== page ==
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David Trumbull: A Yankee Reformer in Chile

Upon announcing my upcoming trip to Chile to my mother, she had offhandedly mentioned that my great-great-grandmother and namesake, Anita Trumbull, had lived in Chile as a child. “I think her father was a pastor or something.”

It turns out that he was a little more than that. Due to his contributions to the country, the Chilean national congress had held a moment of silence when Reverend David Trumbull died. “They bestowed Chilean citizenship upon him out of thanks,” says Ricardo Vasquéz, director of the David Trumbull School in Valparaíso.

While in the city, I visited the sites of his missionary work including the school and church that he founded at the end of the 19th century. I reached out to those living in Valparaíso who have been touched by Trumbull’s legacy to better comprehend the magnitude of this man’s contributions to Chile’s past and present.

The Man

Portrait of David Trumbull in Valparaíso, Chile (Photo: Victor Polanco; Edited by: Katie McCutcheon)

Portrait of Rev. David Trumbull (Photo: Victor Polanco)

The family’s name was written in American history long before Trumbull brought his family to Valparaíso.

John Trumbull (1756-1843), David Trumbull’s great-uncle, was described as “the finest American history painter of the late Georgian era, excepting Benjamin West.” He is best known for his Declaration of Independence painting, which hangs in the United States Capital Rotunda and adorns the backside of the two dollar bill. Other members of the family include painter John’s father, Jonathan Trumbull, who served as Governor of Connecticut during the American Revolution, and was a friend of and advisor to George Washington during the war.

The family’s South American story began when David Trumbull finished his studies at Yale University and the Princeton Theological Seminary and aged 26 travelled to Valparaiso on the part of the American and Foreign Evangelical Union.

“If you look at it from another point of view, when you think about 1845, for them, it was as if one of our missionaries were to go to Africa,” Vazquéz laughs. “Going to another place in which there’s a different language—so it was a challenge, he faced a huge challenge.

“He was contracted by the foreign mission of the Presbyterian Church of New York. And he took on the missionary spirit.” So much so that on 2nd August 1850, after spending five years working in Chile, Trumbull returned to New Jersey to bring his new wife, Jane Wales Fitch, with him to form their home in Valparaíso.

He organised the Union Church in 1847, although the physical church building was not finished until 1871, as before 1855 chapels for non-Catholic services could only be constructed “if the construction was behind a tall wall and without towers or bells,” according to Trumbull’s magazine The Record.

It wasn’t until 1865 that those not adhering to the national religion were able to “practise what religion they may within the confines of privately-owned buildings”. This allowed non-Catholic foreigners to “maintain private schools for the teaching of their own children in the doctrine of their religions.” Until that year, article 5 of the constitution had dictated: “The religion of the Republic of Chile is the Catholic, Apostolic and Roman religion, to the exclusion of public exercise by any other.”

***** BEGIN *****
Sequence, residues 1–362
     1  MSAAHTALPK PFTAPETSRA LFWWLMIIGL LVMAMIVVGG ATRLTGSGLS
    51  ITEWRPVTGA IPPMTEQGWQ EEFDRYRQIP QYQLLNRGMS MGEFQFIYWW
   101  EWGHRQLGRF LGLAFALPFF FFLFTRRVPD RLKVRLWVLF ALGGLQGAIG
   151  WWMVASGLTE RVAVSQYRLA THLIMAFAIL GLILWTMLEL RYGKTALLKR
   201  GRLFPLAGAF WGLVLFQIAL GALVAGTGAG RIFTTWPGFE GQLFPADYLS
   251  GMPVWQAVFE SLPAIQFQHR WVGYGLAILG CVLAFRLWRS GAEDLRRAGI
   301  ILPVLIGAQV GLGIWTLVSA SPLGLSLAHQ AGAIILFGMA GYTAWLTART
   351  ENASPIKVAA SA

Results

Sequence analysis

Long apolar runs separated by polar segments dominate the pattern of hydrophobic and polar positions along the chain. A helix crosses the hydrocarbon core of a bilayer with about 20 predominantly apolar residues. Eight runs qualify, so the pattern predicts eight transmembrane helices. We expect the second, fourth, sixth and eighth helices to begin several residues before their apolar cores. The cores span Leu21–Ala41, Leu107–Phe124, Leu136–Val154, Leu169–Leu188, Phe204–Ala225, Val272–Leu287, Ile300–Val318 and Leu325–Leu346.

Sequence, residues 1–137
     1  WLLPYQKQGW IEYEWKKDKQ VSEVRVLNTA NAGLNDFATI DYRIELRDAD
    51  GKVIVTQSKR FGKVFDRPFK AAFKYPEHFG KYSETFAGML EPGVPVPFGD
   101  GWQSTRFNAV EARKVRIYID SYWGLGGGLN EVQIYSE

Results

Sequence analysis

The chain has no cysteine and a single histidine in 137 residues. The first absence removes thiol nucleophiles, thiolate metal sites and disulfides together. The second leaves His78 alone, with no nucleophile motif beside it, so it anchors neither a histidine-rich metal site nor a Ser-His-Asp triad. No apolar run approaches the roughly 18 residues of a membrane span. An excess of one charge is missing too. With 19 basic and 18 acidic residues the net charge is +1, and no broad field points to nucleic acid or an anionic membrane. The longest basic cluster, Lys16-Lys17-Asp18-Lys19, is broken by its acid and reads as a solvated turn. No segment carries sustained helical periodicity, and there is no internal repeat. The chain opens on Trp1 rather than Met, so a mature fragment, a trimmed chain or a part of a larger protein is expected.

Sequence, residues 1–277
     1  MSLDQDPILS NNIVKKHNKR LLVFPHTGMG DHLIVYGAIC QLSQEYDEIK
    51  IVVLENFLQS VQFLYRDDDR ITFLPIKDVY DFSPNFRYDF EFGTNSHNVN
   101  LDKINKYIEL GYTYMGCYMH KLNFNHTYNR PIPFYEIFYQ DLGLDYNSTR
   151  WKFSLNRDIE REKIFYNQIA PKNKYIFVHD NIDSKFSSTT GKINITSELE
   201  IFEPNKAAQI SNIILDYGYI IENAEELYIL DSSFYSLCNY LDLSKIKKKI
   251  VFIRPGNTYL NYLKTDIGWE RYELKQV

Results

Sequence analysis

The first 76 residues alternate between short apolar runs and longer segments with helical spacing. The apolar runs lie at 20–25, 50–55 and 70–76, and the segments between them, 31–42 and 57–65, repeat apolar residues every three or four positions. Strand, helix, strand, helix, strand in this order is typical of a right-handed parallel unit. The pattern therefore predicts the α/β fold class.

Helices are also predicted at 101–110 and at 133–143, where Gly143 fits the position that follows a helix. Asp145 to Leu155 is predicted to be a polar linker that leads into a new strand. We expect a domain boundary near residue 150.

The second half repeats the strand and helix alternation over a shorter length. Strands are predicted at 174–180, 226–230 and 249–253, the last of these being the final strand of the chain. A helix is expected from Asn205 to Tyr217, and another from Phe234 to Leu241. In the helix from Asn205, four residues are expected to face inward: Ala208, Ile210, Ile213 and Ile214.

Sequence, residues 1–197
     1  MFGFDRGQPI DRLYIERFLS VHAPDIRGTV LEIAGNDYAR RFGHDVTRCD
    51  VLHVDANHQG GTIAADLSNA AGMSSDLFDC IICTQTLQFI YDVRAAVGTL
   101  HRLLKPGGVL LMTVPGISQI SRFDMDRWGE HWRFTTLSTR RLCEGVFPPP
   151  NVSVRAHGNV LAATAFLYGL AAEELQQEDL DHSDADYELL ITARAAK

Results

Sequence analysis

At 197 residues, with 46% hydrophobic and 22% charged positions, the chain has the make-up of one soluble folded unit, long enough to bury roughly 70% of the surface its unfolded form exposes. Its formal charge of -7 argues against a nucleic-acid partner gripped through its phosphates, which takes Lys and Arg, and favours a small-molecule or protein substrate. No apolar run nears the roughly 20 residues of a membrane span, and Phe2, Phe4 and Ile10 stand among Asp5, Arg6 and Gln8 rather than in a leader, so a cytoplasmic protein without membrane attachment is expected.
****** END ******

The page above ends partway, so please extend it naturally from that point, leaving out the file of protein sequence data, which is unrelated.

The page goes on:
Later, Trumbull founded the Colegio David Trumbull in 1869. The school’s main objective was to provide primary education to children of Chilean Protestants “who object religious errors taught in the public schools of the city”.

Trumbull descendant Annie Bacher tours school he founded in Valparaíso (Photo: Victor Polanco; Edited by: Katie McCutcheon)

David Trumbull  Presbyterian School  in Valparaíso (Photo: Victor Polanco)

Apart from the church and school that bear his name, perhaps the greatest part of Trumbull’s work in Valparaíso was his influence on laws regulating marriage and education of Chile.

“Thanks to his contribution, secular laws in Chile were brought in – the civil register and the civil matrimony were created,” explains Vasquéz. The push for civil laws were in large part due to the influx of foreigners from the United States and Europe in Chile in those years,

In 1877, Trumbull wrote a four-chapter defence of mixed marriages, which was published in the newspaper “La Voz de Chile.”

As an example of the way in which the prohibition of mixed marriages punished Chilean women, Trumbull described the story of a young man from the United States who had a child with a young Chilean woman, and when the man inevitably returned to his country, he “didn’t hesitate in abandoning the mother and child.” Although it can’t be known whether the man would have stayed with the woman had the law permitted it, but Trumbull asserts, “the law left them no other choice than abandonment, or to continue illicit and immoral relations.” By permitting mixed marriages, these situations of illicit relations and abandonment could be avoided.

Trumbull questioned if it was possible “to initiate a legislation different than that which reigns, without invading the sacred limits of the church”.

Trumbull Church interior in Valparaíso, Chile (Photo: Victor Polanco)

Trumbull Church interior (Photo: Victor Polanco)

Shortly before the passing of the bill allowing civil marriage, in 1883 Trumbull referred to those who were forced to choose between their religious beliefs and civil rights in a lecture for the Young Men’s Christian Association. He said that Protestants could only enjoy the experience of wedding and the formation of families “in the sacrifice of personal convictions and in the avowal of repugnant opinions”.